Letter, Lady Bird Taylor to Lyndon Johnson, 10/4/1934? # 2


Letter, Lady Bird Taylor to Lyndon Johnson, 10/4/1934? # 2


Lady Bird writes that she feels a little better after reading LBJ's most recent letter but "not much." She asks about LBJ's possible trip to Texas, says she would hate to see him lose a semester in law school, but if he is in Texas perhaps they can see each other. She comments on the speech by Welly [Hopkins] that LBJ had sent her and tells him that she misses him.


Johnson, Lady Bird, 1912-2007; Johnson, Lyndon B. (Lyndon Baines), 1908-1973


Personal Papers of Lyndon and Lady Bird Johnson

Collection Description:

Go to List of Holdings


Courtship Letters


Pre-Presidential; Johnson family; Lady Bird Johnson personal; LBJ personal


Public domain

Specific Item Type:










Date Note:

Precise date uncertain: extrapolated here by LBJ Library archives staff

Time Period:

Pre-Presidential (Before Nov. 22, 1963)


[October 4, 1934 pm?]
Thursday Nite
Dearest –
I’ve just finished reading your letter of Tuesday the third time--(I always read them that much.) I feel a little better now. Not much.
Lyndon, would you come to Texas without letting me know? What did you mean about coming to Corpus if there wasn’t more business in the Washington office?--for a few days or for the rest of the year?
Of course, as for me--I’d love for you to be in Corpus! I would come to see you--and
you’d, I hope, come to see me!! But I don’t really truly want you to come because it would mean losing a half year in law school, and that would mean a lot to you. But listen here, young man, if you come to Texas for even one day you’d better let me know!...I would want to know you were a little nearer, anyway. And perhaps we could see each other.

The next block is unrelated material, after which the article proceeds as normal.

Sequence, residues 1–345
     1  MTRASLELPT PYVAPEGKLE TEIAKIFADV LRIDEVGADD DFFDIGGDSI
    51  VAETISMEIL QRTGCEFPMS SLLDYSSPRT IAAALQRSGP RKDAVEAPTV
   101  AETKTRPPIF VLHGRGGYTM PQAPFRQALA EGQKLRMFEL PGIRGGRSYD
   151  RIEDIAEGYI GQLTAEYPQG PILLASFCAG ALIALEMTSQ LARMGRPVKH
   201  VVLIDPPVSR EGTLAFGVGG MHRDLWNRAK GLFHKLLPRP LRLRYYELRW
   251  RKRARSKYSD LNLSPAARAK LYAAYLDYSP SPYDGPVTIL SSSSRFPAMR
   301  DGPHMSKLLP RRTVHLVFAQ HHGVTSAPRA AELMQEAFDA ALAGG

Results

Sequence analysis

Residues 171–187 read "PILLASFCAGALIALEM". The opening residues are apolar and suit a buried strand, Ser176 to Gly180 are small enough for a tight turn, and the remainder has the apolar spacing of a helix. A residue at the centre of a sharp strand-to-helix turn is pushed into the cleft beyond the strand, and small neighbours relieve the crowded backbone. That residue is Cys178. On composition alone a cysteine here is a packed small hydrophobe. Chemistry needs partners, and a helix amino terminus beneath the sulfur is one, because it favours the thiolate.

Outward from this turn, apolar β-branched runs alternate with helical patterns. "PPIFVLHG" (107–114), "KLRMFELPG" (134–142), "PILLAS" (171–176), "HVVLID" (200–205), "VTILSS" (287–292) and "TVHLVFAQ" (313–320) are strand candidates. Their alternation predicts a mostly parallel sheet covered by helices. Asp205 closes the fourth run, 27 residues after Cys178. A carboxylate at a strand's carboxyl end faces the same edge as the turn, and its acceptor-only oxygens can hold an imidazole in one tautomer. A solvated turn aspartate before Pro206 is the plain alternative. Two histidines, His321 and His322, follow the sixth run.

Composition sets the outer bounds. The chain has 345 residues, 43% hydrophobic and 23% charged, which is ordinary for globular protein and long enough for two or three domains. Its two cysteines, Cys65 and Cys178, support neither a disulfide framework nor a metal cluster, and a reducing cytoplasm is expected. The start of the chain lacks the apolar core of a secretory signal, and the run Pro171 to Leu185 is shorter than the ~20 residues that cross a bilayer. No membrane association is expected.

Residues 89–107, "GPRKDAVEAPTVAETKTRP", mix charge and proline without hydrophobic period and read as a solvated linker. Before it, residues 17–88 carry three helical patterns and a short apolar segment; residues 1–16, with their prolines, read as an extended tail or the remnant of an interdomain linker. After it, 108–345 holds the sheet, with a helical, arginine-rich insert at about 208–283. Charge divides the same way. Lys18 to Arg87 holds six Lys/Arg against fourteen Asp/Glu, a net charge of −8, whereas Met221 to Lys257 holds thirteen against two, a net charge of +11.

I’ve just finished reading Welly’s speech. Daddy was much in favor of Welly’s idea that “when you once enunciate the doctrine that the government owes to every man a living you have placed in reverse all
sound doctrines.” And also the attitude that the government’s province should be as limited as possible. And I--there was a lot I agreed with Welly about! I very much abhor a high protective tariff. And I remember the case of Brazil’s price fixing on coffee--(a parallel case) and how futile it was--and how deeply in debt it drove the country. (I studied that in Hist. 49). But I do not think Socialism is an essentially malignant system…and I don’t object to the increasing paternalism of our government. I am inclined to believe in the “expediency” which has resulted in the passage of so many recent ultra-liberal measures--
and which Welly denies. Nor do I like calling on the Constitution so much, bless its soul! I think it can be bent to suit new needs.
I admire the facile way Welly’s mind works! He certainly had comparisons, figures, references, allusions all to hand.
We could probably have some grand arguments about it! Do you like to argue about economics and religion and politics social systems, et cetera ad infinitum??? I do!
My dear Lyndon, I do miss you so. In ever so many ways. Have you stopped missing me--I mean have I grown more remote with the passing days? You are nearer and more important to me all the time, dear. Goodnight, my love. Please wire immediately if you come to Texas.